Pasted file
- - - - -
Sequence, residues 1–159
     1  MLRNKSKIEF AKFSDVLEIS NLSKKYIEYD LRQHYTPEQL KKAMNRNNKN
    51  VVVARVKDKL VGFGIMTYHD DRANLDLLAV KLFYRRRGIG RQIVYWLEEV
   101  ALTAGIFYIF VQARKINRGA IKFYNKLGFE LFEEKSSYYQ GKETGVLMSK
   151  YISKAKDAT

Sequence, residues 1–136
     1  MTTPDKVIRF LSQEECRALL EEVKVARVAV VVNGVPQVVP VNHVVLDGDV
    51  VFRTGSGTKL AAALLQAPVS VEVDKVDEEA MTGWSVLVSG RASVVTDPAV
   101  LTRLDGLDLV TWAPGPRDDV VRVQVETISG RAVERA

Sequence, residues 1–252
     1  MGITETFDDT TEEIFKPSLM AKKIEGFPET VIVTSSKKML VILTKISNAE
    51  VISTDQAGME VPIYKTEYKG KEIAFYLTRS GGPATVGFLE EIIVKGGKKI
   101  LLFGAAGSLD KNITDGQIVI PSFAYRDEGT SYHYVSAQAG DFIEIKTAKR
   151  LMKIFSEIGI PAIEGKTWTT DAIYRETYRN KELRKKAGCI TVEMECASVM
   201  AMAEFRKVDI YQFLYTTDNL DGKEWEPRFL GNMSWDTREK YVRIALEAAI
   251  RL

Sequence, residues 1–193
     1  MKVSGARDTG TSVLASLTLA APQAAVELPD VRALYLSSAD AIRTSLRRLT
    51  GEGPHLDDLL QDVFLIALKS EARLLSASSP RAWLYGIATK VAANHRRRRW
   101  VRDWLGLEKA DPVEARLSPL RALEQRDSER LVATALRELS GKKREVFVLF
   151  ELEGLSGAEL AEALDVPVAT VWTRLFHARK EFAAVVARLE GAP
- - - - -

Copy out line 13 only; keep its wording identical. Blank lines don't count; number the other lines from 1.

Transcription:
   101  LLFGAAGSLD KNITDGQIVI PSFAYRDEGT SYHYVSAQAG DFIEIKTAKR